Friday, March 24, 2017


Elusive John Robinson Might Be a John From Reverend John Robinson-Mayflower Ship in Holland: A Windsor, Vermont Find

Nadene Goldfoot                                          

If you're following my story of trying to find Abiathar Smith Robinson, my ggrandfather's father.  On the 1850 census of Royalton, Vermont, we find Julia Ann Tuller, age 15.  She married Abiathar later on.  Abiathar was not on this census taken on October 28th , but living with the Tuller family and listed was a JOHN ROBINSON AGE 51.  He had no wife listed.  He was alone.  Abiathar must have been courting Julia then, as they married on February 29, 1852 in Tunbridge, Orange, Vermont-next door to Royalton where there were lots of Robinsons, Tullers, and Durkees.  Julia's mother was a Durkee.

Now, lo and behold, today I ran across John Milton Robinson living in Windsor, Vermont!  Oh my gosh!  He, upon checking, actually was living in Weathersfield, Windsor, Vermont, about 42 miles from Royalton, Windsor, Vermont where Julia Ann Tuller lived.  He was born at the right time to be Abiathar's father.  February 15, 1800.  Remember, the census said 1799 as he was 51 in 1850.

Just like the information on elusive John Robinson of Tunbridge, neither one had a wife listed.  The wife of John Milton Robinson was not listed and evidently there was only the one son, the never listed anywhere:  Abiathar Smith Robinson b: December 1829.  It was when Abiathar married Julia and wound up in Wenona, Marshall, Illinois, that we finally got some information on him, very sketchy information.  We know from Abiathar's son and my grandfather, Frank Hugh Robinson, that Abiathar was very religious and strict about the Sabbath.  He would not allow Frank to take out his horse from the field with the bull that got in it, thus saving the life of his horse because it was Sunday.  Frank ran away from home because of this and never returned.  He lost complete contact.
So, John Milton Robinson looks like a good candidate, too.  I followed this lead and it brought me to
people I already had on my tree from previous theories, and this led to Reverend John Robinson of our Pilgrim Story who sent the Pilgrims to America on the Mayflower  like this:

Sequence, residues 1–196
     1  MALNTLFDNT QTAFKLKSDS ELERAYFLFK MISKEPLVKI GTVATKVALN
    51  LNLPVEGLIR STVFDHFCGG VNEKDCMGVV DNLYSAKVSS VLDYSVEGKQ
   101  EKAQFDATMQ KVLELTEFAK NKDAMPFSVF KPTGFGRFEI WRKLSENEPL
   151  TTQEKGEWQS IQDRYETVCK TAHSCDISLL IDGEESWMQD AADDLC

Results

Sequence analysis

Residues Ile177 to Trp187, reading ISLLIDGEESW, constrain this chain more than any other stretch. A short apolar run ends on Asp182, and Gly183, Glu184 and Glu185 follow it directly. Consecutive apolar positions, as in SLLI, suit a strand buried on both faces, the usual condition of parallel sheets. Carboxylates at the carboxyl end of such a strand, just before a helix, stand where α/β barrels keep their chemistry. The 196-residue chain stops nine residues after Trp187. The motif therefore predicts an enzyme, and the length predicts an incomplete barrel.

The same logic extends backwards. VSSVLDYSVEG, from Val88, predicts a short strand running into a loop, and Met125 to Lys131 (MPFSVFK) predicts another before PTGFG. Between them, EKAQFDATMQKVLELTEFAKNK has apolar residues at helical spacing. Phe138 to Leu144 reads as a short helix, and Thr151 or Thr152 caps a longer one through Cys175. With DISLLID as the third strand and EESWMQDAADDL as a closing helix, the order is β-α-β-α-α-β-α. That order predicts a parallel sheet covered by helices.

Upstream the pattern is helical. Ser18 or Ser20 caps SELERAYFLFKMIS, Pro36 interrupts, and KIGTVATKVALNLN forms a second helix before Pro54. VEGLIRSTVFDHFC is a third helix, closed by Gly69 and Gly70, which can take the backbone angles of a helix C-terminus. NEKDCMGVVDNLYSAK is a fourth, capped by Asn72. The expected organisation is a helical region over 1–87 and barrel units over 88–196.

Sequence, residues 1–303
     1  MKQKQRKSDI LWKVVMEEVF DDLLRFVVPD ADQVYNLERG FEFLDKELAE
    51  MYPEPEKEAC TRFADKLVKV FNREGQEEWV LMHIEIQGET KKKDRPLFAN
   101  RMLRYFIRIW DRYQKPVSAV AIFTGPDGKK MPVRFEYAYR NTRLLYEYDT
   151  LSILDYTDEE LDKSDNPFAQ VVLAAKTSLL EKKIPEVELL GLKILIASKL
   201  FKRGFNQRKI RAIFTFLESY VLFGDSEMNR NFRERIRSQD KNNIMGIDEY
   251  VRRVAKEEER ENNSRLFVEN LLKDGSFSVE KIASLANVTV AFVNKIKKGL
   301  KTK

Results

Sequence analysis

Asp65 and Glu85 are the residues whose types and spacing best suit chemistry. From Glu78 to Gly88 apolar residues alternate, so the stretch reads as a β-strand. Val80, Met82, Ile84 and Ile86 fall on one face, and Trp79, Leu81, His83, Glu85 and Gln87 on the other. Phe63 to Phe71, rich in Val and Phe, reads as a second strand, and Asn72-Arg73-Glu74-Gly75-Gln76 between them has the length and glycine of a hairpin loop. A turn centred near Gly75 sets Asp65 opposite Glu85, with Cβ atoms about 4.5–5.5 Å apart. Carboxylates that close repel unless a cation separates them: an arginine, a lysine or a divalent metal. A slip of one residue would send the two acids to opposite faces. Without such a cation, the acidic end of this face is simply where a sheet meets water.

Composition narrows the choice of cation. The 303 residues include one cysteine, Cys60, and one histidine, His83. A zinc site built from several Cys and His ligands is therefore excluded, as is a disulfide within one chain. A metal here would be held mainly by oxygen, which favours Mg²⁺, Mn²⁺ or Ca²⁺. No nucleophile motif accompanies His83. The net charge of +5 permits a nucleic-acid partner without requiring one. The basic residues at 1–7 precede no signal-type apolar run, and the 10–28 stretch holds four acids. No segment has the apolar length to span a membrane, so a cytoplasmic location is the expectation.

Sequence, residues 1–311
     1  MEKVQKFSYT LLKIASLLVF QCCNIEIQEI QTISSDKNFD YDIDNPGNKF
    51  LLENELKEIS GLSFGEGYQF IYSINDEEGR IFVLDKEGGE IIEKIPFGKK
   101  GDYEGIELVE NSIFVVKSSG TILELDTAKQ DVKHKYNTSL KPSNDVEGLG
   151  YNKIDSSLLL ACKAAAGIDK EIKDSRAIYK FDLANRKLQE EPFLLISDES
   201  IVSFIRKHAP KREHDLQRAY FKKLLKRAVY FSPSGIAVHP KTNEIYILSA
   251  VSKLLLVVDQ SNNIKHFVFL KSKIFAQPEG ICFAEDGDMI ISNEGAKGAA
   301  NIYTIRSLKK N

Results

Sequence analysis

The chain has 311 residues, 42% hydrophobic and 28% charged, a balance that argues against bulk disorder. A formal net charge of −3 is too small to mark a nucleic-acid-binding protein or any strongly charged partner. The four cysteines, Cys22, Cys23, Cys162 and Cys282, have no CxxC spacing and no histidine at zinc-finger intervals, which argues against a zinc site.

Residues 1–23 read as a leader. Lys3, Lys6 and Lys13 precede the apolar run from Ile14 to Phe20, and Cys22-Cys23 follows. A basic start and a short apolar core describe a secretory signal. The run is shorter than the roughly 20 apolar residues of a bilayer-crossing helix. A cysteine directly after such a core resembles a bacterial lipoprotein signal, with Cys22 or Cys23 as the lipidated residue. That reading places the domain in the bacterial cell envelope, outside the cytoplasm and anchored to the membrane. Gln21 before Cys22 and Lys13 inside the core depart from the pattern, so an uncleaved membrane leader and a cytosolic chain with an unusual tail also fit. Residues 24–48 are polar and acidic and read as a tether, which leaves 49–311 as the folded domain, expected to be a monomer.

John Milton Robinson,  b: 15 February, 1800; d: 19 February, 1870
Jasper Robinson, b: 13 August 1772; d: 5 September 1842
Elijah Robinson, b: 1 October 1735: d: 25 January 1809
Benjamin Robinson, b: 23 February 1702/3; d: 12 April 1772
Peter Robinson, Sr., b: June 1665; d: February 1739/40
Isaac Robinson, b: 1610-1620 Reusel-de Mierden, Noord-Brabant, Netherlands, Leiden, Holland
  d: 1704, Barnstable, Barnstable County, Massachusetts, son of John, Reverend. sailed on ship

AFTER MAYFLOWER to Massachusetts, America
JOHN Robinson, Reverend, b: 1575 Sturton Nottinghamshire, or Lincolnshire, England, father of Isaac Robinson who sailed to America.  John stayed in Holland. "Robinson was born at Sturton-Le-Steeple in Nottinghamshire, England between March and September 1576."
A Thanksgiving was celebrated with the Indians who taught them how to grow corn and find food.
They celebrated for 3 days!  A wonder being half of the Pilgrims died right off after landing.  Isaac Robinson could have been there.  
The John Robinson, Reverend descendants have their own webpage that I had found and nobody had an Abiathar Smith Robinson ancestor.  I checked with their leader, and he had had a DNA test.  His DNA was the same as my male cousin's, EXPECT, his DYS 393 was a 13, and ours was a 12.  So I had dropped the idea.  That was only one person out of a zillion who had bothered to take the test and report.  Should I be stopped by one person's test?  I figured I should and dropped that lead that was with another person, now lost to me but probably somewhere on the tree.  I have zillions of Robinsons now on my tree and many possible sets of  parents.

No, I don't think our Robinson is from this line, even though John Milton was so close to Royalton.  It's just that it's things like this that make tracing a man with unknown parents or wife very very difficult and that's why DNA testing is so important.  Back to the elusive plain old John Robinson of Tunbridge, Vermont.  At least he leads to a DNA match on a twig of that branch.

Update 3/27/17: I looked at the facts again connected to where Abiathar and Julia Ann are buried:  Wenona, Marshall, Illinois.  The facts are much stronger there that Abiathar Smith Robinson is the son of Sally Smith  who was married to Hiram Robinson, Jr married on April 1, 1829.  He then died in 1839.  This is where my first assumption had picked Hiram as the father.  Sally is also buried in Wenona.  We also have another son buried there of Hiram's;  Oscar L. Robinson born in Bennington but buried in Wenona, Illinois and his wife, Sarah E. Powell. Sally remarried Thomas Russell since Hiram died very young at age 30.  Son Martin Russell is buried in Wenona.   How I'll connect to my DNA match, Sherie now, I don't know.  Her ancestor must have married into the family somehow.  Our line again ends up with a George Robinson b: 1639 in Boston, Massachusetts and wife Mary Bushnell of 1638 Ten Hills Farm, Medford, Massachusetts.  Yes, if his parents came over in the 1630 convoy of ships headed for America, he would have been born in Boston, MA.  That was the story my grandfather Frank Hugh Robinson related.  


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